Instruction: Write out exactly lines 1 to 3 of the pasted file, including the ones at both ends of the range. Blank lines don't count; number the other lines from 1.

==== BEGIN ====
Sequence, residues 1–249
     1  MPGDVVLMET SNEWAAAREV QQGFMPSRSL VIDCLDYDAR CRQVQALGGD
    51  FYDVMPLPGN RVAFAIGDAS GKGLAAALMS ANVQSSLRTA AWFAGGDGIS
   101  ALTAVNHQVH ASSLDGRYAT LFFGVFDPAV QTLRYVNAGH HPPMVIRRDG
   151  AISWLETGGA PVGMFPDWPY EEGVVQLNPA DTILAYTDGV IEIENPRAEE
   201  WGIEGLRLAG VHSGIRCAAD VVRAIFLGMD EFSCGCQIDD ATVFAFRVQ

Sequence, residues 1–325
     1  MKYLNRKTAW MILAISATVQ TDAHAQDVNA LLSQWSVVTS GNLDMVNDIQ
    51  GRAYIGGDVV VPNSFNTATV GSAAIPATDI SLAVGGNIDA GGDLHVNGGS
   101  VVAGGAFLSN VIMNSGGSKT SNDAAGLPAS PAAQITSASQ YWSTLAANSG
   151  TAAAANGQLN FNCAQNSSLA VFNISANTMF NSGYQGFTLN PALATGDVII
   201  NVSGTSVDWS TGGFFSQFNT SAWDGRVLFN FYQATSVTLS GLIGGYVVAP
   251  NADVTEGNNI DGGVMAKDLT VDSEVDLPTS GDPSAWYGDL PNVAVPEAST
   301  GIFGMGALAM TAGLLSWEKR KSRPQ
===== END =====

Sequence, residues 1–249
     1  MPGDVVLMET SNEWAAAREV QQGFMPSRSL VIDCLDYDAR CRQVQALGGD
    51  FYDVMPLPGN RVAFAIGDAS GKGLAAALMS ANVQSSLRTA AWFAGGDGIS